TAIPEI (Reuters) - Taiwan’s economy likely grew at roughly the same pace in the second quarter as the first despite slowing global demand for technology products that has hit the island’s manufacturers at a time of persisting concern over the U.S.-China trade war.
The median forecast in a Reuters poll of 14 economists was for 1.8% expansion in gross domestic product in April-June compared with a year earlier. Trade-reliant Taiwan reported 1.71% annual growth in the first quarter.
Preliminary second quarter figures will be released on Wednesday. Revised figures will be released about three weeks later, with details and forecasts.
In May, the government lowered its 2019 growth forecast to 2.19% from 2.27%, as sluggish global tech demand dragged on the island’s economy.
Taiwan’s export orders, a leading indicator of actual exports in coming months, contracted for an eighth straight month in June, as global companies were hesitant to make new investments in machinery as the Sino-U.S. trade war wears on.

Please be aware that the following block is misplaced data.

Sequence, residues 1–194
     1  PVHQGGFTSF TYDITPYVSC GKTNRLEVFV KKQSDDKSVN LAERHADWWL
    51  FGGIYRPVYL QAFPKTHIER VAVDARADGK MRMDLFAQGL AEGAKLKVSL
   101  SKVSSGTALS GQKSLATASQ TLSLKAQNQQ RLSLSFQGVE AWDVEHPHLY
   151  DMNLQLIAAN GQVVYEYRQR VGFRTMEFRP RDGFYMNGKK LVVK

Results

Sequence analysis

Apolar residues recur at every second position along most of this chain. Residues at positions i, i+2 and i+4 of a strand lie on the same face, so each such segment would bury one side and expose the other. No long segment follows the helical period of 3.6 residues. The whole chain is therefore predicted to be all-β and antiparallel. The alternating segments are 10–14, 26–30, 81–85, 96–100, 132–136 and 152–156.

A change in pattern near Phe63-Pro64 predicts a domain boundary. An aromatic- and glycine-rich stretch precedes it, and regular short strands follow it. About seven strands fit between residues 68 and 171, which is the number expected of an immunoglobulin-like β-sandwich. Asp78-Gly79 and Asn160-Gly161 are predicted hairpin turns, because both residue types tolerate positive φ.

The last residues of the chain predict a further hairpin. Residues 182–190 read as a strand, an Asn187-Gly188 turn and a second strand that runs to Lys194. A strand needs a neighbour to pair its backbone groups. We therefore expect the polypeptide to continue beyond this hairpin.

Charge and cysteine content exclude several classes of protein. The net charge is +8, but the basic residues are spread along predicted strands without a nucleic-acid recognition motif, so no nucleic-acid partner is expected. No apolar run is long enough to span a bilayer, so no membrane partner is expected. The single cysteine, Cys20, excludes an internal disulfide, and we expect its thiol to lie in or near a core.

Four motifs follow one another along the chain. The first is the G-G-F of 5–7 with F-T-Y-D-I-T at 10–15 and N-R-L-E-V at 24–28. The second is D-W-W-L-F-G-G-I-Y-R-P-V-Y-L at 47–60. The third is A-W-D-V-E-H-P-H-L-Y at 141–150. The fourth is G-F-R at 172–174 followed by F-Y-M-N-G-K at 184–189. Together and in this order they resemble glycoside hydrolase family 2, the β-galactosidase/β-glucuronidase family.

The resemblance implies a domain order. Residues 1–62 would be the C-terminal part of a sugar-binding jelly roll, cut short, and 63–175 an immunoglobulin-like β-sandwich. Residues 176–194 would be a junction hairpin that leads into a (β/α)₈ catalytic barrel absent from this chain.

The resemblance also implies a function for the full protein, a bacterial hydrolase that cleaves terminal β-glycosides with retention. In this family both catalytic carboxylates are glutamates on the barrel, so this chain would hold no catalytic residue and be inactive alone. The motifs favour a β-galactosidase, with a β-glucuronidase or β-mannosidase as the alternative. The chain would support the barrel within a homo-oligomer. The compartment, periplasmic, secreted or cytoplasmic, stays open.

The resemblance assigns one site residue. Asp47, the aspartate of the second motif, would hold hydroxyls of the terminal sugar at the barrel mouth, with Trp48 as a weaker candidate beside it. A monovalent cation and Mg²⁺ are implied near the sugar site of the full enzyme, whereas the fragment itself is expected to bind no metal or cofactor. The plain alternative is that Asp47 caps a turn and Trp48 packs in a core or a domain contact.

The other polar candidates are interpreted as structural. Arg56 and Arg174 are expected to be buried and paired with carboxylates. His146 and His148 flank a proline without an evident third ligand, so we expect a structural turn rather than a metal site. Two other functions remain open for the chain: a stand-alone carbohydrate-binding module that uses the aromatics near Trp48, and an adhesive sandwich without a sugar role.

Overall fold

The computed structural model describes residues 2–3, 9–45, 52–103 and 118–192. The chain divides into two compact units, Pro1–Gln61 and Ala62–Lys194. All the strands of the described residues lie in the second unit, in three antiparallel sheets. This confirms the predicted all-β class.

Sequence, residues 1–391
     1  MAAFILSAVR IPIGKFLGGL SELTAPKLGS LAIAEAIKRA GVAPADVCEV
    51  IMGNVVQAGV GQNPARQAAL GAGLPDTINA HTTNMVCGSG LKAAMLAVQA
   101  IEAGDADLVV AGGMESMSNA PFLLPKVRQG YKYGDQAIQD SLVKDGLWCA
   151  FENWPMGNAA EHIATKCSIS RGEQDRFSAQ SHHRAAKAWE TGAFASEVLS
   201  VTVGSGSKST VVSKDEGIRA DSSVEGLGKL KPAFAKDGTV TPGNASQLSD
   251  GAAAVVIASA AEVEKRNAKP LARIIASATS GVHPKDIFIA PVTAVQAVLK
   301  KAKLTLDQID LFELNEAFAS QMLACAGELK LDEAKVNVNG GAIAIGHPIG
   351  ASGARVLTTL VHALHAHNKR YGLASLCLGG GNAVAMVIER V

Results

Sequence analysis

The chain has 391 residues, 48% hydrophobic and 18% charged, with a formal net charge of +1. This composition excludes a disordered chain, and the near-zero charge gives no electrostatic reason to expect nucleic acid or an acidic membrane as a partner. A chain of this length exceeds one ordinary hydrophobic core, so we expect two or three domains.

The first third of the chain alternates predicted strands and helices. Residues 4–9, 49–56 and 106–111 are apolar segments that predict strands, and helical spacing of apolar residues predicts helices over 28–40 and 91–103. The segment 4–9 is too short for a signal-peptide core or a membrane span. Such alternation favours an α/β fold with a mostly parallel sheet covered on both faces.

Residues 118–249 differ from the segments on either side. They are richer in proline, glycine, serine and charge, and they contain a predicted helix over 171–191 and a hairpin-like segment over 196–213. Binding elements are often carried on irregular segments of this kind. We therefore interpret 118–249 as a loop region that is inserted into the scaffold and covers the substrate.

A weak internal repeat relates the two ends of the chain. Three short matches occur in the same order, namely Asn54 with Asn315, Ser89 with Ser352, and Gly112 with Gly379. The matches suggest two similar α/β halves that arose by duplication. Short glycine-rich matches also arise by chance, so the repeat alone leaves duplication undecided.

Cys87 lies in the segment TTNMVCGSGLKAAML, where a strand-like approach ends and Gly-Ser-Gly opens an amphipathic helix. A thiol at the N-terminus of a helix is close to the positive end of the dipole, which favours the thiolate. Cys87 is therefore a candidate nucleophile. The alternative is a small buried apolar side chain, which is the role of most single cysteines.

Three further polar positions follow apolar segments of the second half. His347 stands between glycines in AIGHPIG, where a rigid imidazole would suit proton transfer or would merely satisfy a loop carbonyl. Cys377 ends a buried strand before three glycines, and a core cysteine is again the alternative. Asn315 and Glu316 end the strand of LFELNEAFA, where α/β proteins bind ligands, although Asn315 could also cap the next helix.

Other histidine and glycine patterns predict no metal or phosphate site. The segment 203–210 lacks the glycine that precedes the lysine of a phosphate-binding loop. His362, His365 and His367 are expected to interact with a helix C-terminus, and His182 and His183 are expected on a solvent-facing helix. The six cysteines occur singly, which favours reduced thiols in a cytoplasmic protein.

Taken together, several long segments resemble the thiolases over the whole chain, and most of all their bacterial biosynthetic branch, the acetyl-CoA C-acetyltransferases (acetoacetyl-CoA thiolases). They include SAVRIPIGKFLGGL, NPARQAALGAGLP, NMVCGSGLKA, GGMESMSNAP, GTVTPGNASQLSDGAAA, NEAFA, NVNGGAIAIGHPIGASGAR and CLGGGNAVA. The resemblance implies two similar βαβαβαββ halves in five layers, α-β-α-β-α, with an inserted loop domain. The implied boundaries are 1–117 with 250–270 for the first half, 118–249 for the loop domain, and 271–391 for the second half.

Slowing technology demand, the trade war and U.S. restrictions on Chinese tech giants are taking a growing toll on Asia and its marquee manufacturers.
Chipmaker TSMC in July reported a 7.6% drop in profit for April-June due to sluggish demand, but it gave an upbeat forecast for the coming months thanks to expected robust demand for 5G chips.
Poll compiled by Carol Lee; Reporting by Yimou Lee; Editing by Richard Borsuk